The Shiashie end of East Legon and indeed some parts of Accra have a new disturbing feature. In respect of the Shiashie traffic intersection, many beggars have overwhelmed the point where the road joins the busy dual carriageway as it makes its way towards the University of Ghana junction and beyond.

As their parents shelter themselves under nearby trees, their young teenaged kids swarm on motorists as they wait for the traffic lights at the intersection to clear them to move.

Hailing from Niger, a Francophone country, they have mastered a few words and sentences in English, the bottom-line of which is ‘we want money. We are hungry.’

They create inconveniences for both motorists and the city’s authorities whose duty is to rid the nation’s capital of the eyesore created on a daily basis by the alien beggars.

Beyond America House in East Legon and not far from the nearby fuel station, they have pitched another camp where they appear to shelter in the evening.

The traffic intersection around Atlantis Radio is another spot where they operate.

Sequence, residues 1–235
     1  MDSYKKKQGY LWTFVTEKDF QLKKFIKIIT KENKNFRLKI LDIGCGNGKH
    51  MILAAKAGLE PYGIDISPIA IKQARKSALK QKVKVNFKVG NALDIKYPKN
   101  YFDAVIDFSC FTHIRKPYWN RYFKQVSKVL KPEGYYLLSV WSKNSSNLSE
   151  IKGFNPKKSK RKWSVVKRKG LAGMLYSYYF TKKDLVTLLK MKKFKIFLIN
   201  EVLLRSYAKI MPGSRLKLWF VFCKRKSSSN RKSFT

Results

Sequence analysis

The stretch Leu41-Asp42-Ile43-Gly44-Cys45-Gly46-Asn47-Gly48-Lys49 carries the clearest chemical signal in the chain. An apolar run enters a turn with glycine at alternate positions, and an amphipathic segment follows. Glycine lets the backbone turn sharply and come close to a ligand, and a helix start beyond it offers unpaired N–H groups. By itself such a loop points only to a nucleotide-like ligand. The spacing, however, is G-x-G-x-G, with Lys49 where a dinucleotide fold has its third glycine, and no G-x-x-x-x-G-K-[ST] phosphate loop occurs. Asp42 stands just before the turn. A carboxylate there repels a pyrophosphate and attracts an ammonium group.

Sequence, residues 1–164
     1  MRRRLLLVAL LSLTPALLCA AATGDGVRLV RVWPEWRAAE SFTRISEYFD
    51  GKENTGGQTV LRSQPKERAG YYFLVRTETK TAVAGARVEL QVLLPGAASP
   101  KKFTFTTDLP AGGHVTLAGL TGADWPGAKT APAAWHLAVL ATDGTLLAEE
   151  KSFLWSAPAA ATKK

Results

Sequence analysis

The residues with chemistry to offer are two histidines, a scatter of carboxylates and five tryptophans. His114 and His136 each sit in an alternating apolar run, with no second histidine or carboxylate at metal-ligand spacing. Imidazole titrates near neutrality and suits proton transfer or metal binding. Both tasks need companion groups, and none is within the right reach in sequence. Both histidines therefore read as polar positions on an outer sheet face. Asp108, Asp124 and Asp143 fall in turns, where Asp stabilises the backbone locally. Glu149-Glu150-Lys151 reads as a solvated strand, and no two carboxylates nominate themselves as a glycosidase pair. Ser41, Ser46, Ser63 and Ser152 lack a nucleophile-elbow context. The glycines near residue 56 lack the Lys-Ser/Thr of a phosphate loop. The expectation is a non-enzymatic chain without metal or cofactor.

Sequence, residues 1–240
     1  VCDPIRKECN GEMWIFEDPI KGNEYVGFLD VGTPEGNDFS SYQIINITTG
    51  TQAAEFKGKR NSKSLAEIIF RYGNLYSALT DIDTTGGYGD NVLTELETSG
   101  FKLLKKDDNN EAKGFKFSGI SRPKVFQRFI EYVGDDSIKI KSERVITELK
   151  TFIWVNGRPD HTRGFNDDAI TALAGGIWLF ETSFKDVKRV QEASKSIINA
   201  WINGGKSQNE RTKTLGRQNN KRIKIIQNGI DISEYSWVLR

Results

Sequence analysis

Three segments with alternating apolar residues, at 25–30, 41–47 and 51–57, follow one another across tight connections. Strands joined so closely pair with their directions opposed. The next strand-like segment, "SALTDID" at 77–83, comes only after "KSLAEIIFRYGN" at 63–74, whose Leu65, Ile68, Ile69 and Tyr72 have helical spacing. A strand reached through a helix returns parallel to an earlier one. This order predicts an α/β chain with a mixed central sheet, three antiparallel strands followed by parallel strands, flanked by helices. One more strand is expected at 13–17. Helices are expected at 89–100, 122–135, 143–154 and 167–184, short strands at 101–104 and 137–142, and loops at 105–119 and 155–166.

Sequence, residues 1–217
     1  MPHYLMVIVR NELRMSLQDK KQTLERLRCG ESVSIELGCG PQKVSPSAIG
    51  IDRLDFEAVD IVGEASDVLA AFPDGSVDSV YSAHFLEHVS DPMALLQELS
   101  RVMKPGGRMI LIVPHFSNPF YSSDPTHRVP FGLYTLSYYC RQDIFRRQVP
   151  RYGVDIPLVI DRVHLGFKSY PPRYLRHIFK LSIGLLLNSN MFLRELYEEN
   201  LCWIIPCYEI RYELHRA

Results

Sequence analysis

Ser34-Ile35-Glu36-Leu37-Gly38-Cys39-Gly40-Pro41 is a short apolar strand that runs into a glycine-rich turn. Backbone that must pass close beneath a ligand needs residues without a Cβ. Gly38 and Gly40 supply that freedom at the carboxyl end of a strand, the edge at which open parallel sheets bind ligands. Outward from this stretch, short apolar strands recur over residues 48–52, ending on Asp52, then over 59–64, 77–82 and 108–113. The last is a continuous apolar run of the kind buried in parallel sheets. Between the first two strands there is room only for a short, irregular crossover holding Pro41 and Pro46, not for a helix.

Their number in Accra and Kumasi is growing exponentially, a worrying situation which calls for an immediate intervention by the city authorities.

Coming from Boko Haram infested parts of the sub-region, they pose a danger to national security.

The ease with which they come into the country at will defines the porosity of our borders; in fact beyond what we even imagine.

The ease with which they breach our borders is adequate pointer to the insurgents about how easy it is to come here and pitch camp.

The kid beggars create an unsightly scene for Accra’s landscape, but we are helpless as a people in addressing the situation.

Many have called for the expulsion of the beggar-invaders. It is no easy feat because they originate from an ECOWAS country and so an outright expulsion could land us in an avoidable diplomat spat with our neighbours.

Ghana holds a critical position in this comity of West African countries. We have had enough flak from Nigeria already about the Circle traders.

Our President is an important figure in the economic community and would definitely not support a brash action.

The foregone have accounted for officialdom’s inability to deal with the subject the way some persons would have preferred.

When we promote a national conversation around the subject, perhaps we can arrive at a consensus about what to do with the alien beggars, their presence here not something majority of Ghanaians are amused with.

The diplomatic constraints notwithstanding, the assemblies in which the beggars are active can devise a means of minimising their presence in the streets.

A few years ago, they were rounded up and taken to a holding area, but they fled the location, rendering the efforts useless.

In Lagos State in Nigeria, street-begging has been dealt an effective blow.

Until we arrive at a solution, the number of beggars from Niger will continue to grow as would the inconveniences.